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IN SHORT: Stay the hell away. [Rated R for language and some sexual content/nudity. 119 minutes]
Sam Mendes sure knows how to make a movie that no one but the most stiff-spined film-student type could love. Revolutionary Road features a young couple, Frank and April Wheeler (Kate Winslet and Leonardo DiCaprio), who meet just after the close of WWII. When we next see them it is somewhere around 1953 and the pair have attained the American Dream. She has 2 kids - one of each - to raise in a lovely house in the suburbs. He has a a daily commute into the Big City of New York to a corporate job selling adding machines. Frank hates his job; it’s the same gig his father had for twenty years before sudden death from a heart attack. He’s got an annoying boss (Keith Reddin) a secretary on the side (Zoe Kazan) and a marriage which disintegrates in front of our eyes.
Knowing her happy home is teetering on the brink. April gets a great idea! Frank had always wondered about what kind of life he could have found if he had stayed in Paris after the War (something like that). April puts forth the idea that that’s what they should do. She believes that there are high paying secretarial jobs for English speakers at the governmental agencies like NATO and that this will support the family while Frank finds his muse. The idea sparks a fire and the fire leads to sex and a determination that this move would be the right thing and the best thing for the family. A move as revolutionary as the name of the housing development in which they live.
Do we have to tell you what’s coming down the pike? Well, of course, April is pregnant. She doesn't tell Frank. She goes to the local pharmacy and buys the necessary suction devices to abort the pregnancy. Frank finds the equipment and goes ballistic. Still, the pair struggle to keep it all together. Perhaps the baby could be born in France (“They do have doctors there...”) but then Frank does something brilliant at work and is offered a big raise. Even better, one of the VP’s at the company wants to take him on as a partner in a new venture involving this thing call “computers.” As April’s dream starts to go up in smoke, she goes off into the suburban woods for a long think. Decision made, she comes back as the perfect, fit for teevee All-American housewife.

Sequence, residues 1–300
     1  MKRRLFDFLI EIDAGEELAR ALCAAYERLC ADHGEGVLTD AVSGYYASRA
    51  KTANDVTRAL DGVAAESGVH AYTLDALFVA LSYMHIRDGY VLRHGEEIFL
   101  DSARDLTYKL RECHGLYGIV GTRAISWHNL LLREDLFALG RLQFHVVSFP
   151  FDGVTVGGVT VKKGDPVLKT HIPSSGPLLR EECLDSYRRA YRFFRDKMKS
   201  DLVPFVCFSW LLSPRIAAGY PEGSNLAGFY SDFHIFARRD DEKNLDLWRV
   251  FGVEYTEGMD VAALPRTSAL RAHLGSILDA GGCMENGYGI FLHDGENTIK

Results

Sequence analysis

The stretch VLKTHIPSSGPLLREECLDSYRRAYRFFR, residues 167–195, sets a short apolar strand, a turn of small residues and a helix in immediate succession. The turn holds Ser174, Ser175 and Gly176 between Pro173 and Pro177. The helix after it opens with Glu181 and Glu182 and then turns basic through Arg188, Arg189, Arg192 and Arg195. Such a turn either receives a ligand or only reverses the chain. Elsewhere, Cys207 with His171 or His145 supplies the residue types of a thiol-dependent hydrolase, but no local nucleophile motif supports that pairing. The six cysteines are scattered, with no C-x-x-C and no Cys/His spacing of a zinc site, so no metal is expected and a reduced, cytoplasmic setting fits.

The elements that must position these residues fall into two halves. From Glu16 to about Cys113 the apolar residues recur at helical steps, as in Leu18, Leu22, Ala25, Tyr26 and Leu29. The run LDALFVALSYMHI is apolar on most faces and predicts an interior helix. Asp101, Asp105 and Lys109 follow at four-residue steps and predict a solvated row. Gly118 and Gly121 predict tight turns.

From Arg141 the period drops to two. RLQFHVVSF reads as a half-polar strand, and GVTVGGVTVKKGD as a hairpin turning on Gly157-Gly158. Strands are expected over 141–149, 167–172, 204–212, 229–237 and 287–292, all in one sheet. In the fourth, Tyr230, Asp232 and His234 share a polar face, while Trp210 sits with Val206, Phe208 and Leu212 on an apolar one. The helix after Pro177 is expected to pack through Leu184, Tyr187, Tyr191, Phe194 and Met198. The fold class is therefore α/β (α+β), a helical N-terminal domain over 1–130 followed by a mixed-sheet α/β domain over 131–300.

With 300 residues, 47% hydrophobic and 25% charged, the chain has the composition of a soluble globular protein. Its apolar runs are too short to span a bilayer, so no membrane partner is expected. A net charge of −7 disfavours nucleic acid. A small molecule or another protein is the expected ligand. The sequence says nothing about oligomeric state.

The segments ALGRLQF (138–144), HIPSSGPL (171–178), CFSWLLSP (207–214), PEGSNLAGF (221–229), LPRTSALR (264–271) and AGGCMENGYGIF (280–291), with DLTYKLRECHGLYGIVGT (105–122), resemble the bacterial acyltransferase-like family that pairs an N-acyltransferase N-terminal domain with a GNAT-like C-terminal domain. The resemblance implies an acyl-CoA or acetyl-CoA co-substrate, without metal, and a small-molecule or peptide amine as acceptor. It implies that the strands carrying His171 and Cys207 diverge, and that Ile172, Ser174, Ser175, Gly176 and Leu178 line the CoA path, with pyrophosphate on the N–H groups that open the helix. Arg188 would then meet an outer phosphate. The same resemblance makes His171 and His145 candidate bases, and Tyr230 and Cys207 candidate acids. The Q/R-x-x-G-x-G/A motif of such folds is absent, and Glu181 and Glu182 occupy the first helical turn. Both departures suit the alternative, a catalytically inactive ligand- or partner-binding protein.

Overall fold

We’re not going to hint at where the film goes next. We'll just say, honestly, that the experience of sitting through Mendes’ work to this point in the story had us wishing we were somewhere – anywhere - else. In a backwards way, that’s truly a compliment to the story and the performances and the direction because the characters onscreen were real.
And we’re back on the floor of the coliseum, as husband and wife engage in yet another battle.
Our screening audience (admittedly, most were a generation or so older than cranky), all begged this reviewer to destroy this film in his review. Well then, retirees should stay far away from this film. So should most regular movie-going folks. Fact is, only film reviewers and the kind of viewers often dissed by this site – the ones who feel that “real” movies should make an audience miserable by the time all is said and done, – should pay for Revolutionary Road. They will adore Revolutionary Road, with plenty of justification. The script is one of the best written, if you want to get technical, of any we’ve observed in the last lot of years. The performances by Winslet and DiCaprio, given that we despise the journey they wind up taking by the time all is done, are exceptional. Mendes’ direction, in that it provoked the kind of reaction out of our audience that it did – trust us, their reaction was intense – works to achieve something. Not knowing Mendes, we can’t say that this is the reaction he wished to achieve. We can only report our own.
And since we always rate based on whether or not you should a) see the film and b) how you should see it, the rating is simple.
On average, a first run movie ticket will run you Ten Bucks. Were Cranky able to set his own price to Revolutionary Road, he would have paid . . .
We'll say it again. Stay the hell away. ‘Nuff said.
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